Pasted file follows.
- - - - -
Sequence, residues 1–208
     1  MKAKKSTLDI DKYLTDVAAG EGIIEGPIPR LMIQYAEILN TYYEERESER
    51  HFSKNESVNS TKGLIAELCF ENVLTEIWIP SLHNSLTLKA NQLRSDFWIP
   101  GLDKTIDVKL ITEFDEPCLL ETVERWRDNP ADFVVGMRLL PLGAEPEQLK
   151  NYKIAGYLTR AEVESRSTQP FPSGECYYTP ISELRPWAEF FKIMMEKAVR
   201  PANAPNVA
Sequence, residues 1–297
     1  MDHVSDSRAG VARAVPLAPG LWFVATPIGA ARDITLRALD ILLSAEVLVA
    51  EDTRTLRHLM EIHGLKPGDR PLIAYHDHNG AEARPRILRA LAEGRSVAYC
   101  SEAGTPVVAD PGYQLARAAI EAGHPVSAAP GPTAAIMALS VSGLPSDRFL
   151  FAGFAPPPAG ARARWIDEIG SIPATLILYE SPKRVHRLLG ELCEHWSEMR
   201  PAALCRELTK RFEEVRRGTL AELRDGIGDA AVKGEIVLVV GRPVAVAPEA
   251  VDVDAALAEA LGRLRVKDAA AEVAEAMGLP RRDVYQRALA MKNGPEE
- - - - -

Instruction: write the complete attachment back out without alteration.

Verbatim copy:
Sequence, residues 1–208
     1  MKAKKSTLDI DKYLTDVAAG EGIIEGPIPR LMIQYAEILN TYYEERESER
    51  HFSKNESVNS TKGLIAELCF ENVLTEIWIP SLHNSLTLKA NQLRSDFWIP
   101  GLDKTIDVKL ITEFDEPCLL ETVERWRDNP ADFVVGMRLL PLGAEPEQLK
   151  NYKIAGYLTR AEVESRSTQP FPSGECYYTP ISELRPWAEF FKIMMEKAVR
   201  PANAPNVA
Sequence, residues 1–297
     1  MDHVSDSRAG VARAVPLAPG LWFVATPIGA ARDITLRALD ILLSAEVLVA
    51  EDTRTLRHLM EIHGLKPGDR PLIAYHDHNG AEARPRILRA LAEGRSVAYC
   101  SEAGTPVVAD PGYQLARAAI EAGHPVSAAP GPTAAIMALS VSGLPSDRFL
   151  FAGFAPPPAG ARARWIDEIG SIPATLILYE SPKRVHRLLG ELCEHWSEMR
   201  PAALCRELTK RFEEVRRGTL AELRDGIGDA AVKGEIVLVV GRPVAVAPEA
   251  VDVDAALAEA LGRLRVKDAA AEVAEAMGLP RRDVYQRALA MKNGPEE